Given the history of the Jews in Eastern Europe, the somewhat conflicting stories about a request for registration with the quisling Russian-supported government of Eastern Ukraine would lead to alarm from a population that has seen this movie before . When one takes the evidence together, it would appear as if someone is threatening the Jews with bogus leaflets that would make the Jewish community of the Eastern Ukraine uncomfortable and feeling as if they are under impending danger and unwelcome in a home where they faced trouble from Soviet Russia as well as Nazi Germany during historical memory. It is not, after all, as if anti-Semitism is an unknown problem in this or any other part of the world . This historical context makes it more difficult to understand what is going on.
It is clear that the fear of the Jewish community in Eastern Ukraine is entirely predictable and legitimate, even if the threat comes from an unknown direction. After all, a population that is required to register with the police is automatically considered a target of concerted police action, and no one really likes the police randomly checking up on someone . The fact that the Russian-dominated government could plausibly be accused of such an hostile act towards the Jews is itself troubling. There are at least two possible motives, and they may in fact be intertwined. For one, it is possible that the people who threatened the Jews with those anonymous leaflets were trying to make the Jews uncomfortable or hostile towards the Russian regime as a way of threatening the legitimacy of that government and/or the Jewish community there. Additionally, there could be a motive of encouraging the Jewish community to leave, which would serve the interests of those whose lingering anti-semitism remains in Eastern Urkaine, and who would want to Russify the area by ridding itself of a notable minority population.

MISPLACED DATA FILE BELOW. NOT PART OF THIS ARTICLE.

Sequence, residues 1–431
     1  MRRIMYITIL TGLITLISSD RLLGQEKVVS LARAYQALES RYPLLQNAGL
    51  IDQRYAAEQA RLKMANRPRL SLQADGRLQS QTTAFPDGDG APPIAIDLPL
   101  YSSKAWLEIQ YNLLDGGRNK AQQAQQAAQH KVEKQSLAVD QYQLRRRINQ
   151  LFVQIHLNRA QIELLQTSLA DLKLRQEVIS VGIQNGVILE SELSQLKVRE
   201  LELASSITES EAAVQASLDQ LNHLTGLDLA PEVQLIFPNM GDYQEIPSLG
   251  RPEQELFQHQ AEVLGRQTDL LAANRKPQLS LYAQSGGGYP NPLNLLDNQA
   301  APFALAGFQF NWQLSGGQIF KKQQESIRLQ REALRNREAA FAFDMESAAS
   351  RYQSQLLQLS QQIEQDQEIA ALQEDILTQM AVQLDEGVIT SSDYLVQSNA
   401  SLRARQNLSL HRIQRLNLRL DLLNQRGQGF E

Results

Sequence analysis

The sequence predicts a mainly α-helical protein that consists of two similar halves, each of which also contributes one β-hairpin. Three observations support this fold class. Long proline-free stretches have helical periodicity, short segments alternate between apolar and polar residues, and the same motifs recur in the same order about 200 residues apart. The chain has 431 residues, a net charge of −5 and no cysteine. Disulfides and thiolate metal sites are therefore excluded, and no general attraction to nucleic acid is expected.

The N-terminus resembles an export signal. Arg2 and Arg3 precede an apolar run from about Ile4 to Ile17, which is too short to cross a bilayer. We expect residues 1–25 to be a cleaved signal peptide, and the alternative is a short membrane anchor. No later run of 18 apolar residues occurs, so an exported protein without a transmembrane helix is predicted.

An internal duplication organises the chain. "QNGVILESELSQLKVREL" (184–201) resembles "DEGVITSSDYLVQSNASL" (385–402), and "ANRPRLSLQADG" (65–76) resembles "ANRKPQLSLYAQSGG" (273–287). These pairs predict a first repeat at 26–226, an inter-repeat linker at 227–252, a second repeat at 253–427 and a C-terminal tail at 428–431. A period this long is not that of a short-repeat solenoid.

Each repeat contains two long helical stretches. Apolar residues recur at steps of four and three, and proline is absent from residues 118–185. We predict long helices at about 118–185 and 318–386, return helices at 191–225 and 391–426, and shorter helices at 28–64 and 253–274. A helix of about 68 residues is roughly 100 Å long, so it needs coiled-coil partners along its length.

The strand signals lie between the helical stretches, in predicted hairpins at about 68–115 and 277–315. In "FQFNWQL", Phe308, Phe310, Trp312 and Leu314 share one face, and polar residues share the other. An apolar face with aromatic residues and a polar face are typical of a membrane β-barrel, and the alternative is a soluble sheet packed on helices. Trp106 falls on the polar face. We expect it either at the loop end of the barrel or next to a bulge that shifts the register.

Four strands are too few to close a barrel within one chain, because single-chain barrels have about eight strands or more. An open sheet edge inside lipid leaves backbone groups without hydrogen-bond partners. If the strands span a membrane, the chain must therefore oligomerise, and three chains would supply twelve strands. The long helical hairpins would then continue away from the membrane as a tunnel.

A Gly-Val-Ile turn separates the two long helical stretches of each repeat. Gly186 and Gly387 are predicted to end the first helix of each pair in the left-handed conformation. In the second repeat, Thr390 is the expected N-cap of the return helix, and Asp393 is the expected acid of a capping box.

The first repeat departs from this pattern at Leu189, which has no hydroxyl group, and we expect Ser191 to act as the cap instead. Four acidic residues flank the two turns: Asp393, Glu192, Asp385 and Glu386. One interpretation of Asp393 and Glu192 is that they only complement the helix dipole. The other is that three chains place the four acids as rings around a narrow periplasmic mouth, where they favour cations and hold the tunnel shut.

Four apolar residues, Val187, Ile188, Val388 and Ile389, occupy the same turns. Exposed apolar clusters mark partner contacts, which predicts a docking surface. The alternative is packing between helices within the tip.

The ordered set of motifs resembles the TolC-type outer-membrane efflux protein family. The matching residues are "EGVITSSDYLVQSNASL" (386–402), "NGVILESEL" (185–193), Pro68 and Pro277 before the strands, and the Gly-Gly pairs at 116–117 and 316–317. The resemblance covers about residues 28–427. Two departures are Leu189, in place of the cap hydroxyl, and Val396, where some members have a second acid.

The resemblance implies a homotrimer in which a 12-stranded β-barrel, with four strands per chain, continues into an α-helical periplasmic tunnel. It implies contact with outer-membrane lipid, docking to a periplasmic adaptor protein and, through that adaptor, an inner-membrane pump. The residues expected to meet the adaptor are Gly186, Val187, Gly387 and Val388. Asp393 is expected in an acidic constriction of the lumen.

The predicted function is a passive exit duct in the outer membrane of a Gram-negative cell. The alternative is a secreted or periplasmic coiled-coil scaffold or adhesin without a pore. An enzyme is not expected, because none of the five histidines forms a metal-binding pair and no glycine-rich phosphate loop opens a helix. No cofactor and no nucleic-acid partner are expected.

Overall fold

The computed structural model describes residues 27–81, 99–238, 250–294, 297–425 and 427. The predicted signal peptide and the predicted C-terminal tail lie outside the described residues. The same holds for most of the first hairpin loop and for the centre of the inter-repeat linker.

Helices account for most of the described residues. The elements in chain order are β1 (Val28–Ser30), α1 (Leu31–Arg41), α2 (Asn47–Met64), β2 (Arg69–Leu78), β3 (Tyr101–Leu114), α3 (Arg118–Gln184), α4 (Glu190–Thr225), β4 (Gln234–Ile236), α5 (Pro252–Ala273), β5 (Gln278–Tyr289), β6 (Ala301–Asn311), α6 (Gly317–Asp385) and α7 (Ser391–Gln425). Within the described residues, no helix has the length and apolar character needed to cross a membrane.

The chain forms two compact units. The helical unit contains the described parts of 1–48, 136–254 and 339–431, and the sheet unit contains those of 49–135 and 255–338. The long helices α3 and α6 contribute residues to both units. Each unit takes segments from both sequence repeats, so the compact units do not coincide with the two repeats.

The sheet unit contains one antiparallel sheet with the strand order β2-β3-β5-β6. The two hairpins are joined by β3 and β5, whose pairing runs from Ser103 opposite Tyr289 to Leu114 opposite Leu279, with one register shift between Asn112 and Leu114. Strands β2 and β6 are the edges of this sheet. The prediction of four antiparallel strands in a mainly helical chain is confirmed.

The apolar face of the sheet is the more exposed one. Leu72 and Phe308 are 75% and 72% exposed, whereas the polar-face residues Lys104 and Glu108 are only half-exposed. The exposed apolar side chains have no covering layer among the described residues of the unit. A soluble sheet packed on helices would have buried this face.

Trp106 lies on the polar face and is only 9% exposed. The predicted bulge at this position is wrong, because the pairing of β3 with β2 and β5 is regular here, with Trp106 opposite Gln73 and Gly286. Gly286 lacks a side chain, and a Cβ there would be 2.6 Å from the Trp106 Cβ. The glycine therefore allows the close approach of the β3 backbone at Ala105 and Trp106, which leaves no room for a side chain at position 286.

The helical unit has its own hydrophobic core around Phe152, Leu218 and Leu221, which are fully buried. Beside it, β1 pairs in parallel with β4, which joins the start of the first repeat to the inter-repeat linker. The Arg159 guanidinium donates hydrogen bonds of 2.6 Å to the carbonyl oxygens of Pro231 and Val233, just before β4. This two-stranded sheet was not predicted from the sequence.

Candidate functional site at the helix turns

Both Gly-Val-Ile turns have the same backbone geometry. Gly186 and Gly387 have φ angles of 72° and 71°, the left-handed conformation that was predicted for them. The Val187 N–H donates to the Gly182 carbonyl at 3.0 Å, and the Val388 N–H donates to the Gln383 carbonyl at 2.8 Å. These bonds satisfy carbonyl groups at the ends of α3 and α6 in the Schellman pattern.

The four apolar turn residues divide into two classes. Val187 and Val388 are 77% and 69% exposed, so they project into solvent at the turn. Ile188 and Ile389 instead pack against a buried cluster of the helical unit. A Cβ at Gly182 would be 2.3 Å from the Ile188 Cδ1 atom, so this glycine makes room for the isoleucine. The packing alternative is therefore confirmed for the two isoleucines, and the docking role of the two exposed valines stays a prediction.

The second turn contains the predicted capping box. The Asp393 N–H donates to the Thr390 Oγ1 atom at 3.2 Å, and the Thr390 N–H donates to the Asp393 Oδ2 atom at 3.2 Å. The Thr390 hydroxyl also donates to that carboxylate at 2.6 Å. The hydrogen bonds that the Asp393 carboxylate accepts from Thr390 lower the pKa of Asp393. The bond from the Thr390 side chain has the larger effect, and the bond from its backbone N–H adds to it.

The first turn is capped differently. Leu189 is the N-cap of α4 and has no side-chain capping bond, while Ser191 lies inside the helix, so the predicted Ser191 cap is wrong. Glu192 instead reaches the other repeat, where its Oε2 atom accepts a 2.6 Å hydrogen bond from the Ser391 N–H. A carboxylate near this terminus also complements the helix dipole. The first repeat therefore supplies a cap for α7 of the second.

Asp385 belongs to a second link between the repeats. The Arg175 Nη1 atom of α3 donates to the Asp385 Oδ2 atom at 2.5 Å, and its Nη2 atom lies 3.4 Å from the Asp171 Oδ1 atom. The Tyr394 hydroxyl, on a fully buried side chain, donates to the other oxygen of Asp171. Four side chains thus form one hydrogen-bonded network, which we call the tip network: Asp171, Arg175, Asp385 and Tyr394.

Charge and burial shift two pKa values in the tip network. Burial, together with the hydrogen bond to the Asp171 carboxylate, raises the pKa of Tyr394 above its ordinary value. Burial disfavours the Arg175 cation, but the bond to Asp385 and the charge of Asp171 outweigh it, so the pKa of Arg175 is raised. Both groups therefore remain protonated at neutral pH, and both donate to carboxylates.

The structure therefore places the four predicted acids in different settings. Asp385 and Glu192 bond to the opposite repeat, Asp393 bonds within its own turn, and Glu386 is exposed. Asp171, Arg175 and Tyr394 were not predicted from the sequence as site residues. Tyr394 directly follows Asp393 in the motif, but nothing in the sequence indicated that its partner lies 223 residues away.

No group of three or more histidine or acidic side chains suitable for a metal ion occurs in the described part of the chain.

For too long in my life, and too painfully, I have known what it is like to live in fear, and known what it is like to have to deal with the fear of others, especially when both are legitimate and reasonable fears in light of the way this corrupt and wicked world is. When there are patterns of mistreatment and abuse, whether on an individual level or on a larger collective level, any sort of action like this one is very likely to bring those patterns to mind and to increase fear and anxiety among such people. In the absence of love and trust, it is hard to avoid living in fear, even if no one really enjoys it very much . All too often, though, people do not feel it possible to live in trust and love because of their fears.
What then is one to do? If one has a faith in God, it is possible to live in love and to trust God even if others cannot exactly be trusted very easily. Of course, such a faith in God does not mean that life will not be difficult, and that there will not be considerable hostility for any number of reasons, not least because we will stand out from those around us. Generally, the only safety we can find in this world is to develop enough ties with people of like mind and like interests who love and respect us that we do not feel surrounded in enemy territory all the time. Of course, we may also feel deeply attached to some areas for reasons of having a tie that goes back for centuries, even during dangerous times when circumstances are adverse. All too often we have to decide what to do before they come knocking on our doors, whether that is showing the resolve to deal with whatever will come, or the desire to find a safer place where one can live under less stress. Either way, while we cannot choose the times we live in, or the behavior of others, we can choose how to best respond to that without being paralyzed by fear. Hopefully the Jews of the Eastern Ukraine can find and choose such options for themselves.
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